By Dr. Gail Demmler Harrison, professor of pediatrics at Baylor College of Medicine and attending physician in Pediatric Infectious Diseases at Texas Children’s Hospital
2014 marks the 32nd year I have studied congenital cytomegalovirus (CMV). In 1982, the Houston Congenital CMV Longitudinal Study began looking into the prevalence of congenital CMV infection in Houston and documenting the long-term outcomes of congenital CMV infection.
WHAT IS CMV
Congenital CMV is the most common congenital viral infection. Approximately one out of every 100 to 150 newborns in the United States is born congenitally infected with CMV. Approximately 10 to 15 percent of these congenitally infected newborns have symptoms as a fetus or newborn suggesting they may have a congenital CMV infection. That means the majority of congenitally infected newborns are born without obvious symptoms.
This “silent majority” of babies born with congenital CMV infection may have subtle differences at birth from uninfected newborns and may have consequences of their congenital infection, including progressive sensorineural hearing loss that can occur in 10 to 20 percent of these newborns.
IN THE BEGINING
Between 1982 and 1992, more than 32,000 newborns in Houston were screened for congenital CMV by detecting the virus in their urine. Those newborns found to have CMV in their urine, and therefore found to be congenitally infected with CMV, whether or not they had symptoms at birth, were invited to enroll in a multidisciplinary study. The study was focused on the long-term effects congenital CMV had on growth, neurodevelopment, hearing and vision.
Through these efforts, the common prevalence of congenital CMV in Houston was confirmed (between 0.4 to 0.8 percent of newborns screened each year tested positive for the virus in their urine). It was also determined that of those newborns “silently” infected with CMV, 15 percent of them experienced a progressive and permanent sensorineural hearing loss in childhood. In 80 percent of those with hearing loss, it was unilateral in one ear. But in 20 percent, the hearing loss progressed over the course of their childhood to the other ear as well. Newborns with obvious symptoms at birth from congenital CMV had a much higher risk (up to 80 percent) of permanent neurologic sequelae, deafness or blindness.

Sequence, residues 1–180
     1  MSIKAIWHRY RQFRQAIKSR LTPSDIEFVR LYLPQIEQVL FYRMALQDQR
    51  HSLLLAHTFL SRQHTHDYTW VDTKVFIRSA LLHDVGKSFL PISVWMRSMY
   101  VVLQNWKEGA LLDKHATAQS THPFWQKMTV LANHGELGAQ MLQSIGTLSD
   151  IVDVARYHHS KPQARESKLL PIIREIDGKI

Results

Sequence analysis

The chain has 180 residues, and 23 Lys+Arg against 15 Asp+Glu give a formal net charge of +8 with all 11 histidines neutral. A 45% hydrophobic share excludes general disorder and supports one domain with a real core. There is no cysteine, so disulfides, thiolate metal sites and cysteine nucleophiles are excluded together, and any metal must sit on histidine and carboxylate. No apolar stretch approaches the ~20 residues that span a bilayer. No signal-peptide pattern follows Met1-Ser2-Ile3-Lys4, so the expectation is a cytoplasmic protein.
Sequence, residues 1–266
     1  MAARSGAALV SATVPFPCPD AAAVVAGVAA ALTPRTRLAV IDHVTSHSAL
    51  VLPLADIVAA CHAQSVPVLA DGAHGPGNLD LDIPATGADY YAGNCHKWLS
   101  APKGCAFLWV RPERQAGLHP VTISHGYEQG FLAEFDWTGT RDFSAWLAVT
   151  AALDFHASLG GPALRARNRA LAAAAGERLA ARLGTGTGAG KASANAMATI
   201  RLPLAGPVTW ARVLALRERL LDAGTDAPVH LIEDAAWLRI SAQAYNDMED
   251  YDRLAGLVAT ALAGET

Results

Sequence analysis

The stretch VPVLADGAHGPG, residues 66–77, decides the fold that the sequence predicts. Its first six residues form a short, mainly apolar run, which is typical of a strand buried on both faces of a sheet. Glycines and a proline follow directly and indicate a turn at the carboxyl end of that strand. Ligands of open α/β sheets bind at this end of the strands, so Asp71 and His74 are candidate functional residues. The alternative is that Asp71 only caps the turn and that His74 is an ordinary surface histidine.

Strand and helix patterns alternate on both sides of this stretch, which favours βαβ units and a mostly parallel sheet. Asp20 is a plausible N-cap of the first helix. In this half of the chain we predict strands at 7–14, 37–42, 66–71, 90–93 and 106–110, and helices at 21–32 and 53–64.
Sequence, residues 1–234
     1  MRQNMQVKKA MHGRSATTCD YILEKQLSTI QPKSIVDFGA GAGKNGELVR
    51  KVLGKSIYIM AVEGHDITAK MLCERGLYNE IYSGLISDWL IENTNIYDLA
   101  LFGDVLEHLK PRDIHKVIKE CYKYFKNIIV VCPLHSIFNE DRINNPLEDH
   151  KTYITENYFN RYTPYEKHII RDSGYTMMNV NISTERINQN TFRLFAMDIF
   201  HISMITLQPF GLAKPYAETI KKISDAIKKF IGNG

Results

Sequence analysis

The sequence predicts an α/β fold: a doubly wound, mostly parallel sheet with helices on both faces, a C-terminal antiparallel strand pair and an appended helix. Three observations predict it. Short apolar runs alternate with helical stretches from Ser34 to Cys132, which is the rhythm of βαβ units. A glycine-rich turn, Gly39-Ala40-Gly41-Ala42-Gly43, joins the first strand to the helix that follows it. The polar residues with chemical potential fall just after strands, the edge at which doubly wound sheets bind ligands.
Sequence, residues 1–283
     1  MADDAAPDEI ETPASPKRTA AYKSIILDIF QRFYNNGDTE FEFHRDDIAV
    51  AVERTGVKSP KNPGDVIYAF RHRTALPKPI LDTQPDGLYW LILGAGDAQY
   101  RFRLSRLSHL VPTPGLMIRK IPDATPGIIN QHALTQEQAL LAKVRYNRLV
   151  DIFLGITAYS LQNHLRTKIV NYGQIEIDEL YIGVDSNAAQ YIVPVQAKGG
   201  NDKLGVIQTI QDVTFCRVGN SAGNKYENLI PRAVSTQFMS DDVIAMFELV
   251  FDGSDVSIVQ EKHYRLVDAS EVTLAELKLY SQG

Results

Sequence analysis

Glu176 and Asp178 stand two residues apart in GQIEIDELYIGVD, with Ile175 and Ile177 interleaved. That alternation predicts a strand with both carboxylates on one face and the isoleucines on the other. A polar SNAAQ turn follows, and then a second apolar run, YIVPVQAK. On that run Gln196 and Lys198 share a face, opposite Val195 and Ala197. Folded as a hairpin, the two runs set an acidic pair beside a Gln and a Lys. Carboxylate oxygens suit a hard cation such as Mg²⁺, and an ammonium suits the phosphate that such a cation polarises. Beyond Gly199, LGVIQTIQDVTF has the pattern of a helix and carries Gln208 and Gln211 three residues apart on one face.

When treatment for congenital CMV infection became available, additional study subjects were enrolled to document the possible benefits of early antiviral treatment. Ganciclovir, an antiviral medication with specific activity against CMV, was given to infants born with symptoms of the illness. Those infants were at higher risk for long-term neurodevelopmental sequelae, deafness and vision loss, and because their symptoms involved the central nervous system or sensory organs, they received the antiviral treatment as part of an NIH-sponsored multicenter collaborative trial.
RESULTS: FROM INFANT TO ADULT
One of the first subjects enrolled in this national treatment trial was a newborn from Houston, who later graduated college and now is a young adult with a successful career.
The study ultimately showed antiviral treatment provided significant benefit to newborns with symptomatic congenital CMV infection (Kimberlin D, Lin C, Sanchez P, Demmler G, et al. Effect of ganciclovir therapy on hearing in symptomatic congenital cytomegalovirus disease involving the central nervous system: a randomized, controlled trial J Pediatrics 2003; 143:17-26 and Oliver S, Cloud G, Sanchez P, Demmler G et al. Neurodevelopmental outcomes following ganciclovir therapy in symptomatic congenital CMV infection involving the central nevous system J Clin Virol 2009;46S4: S22-S26.).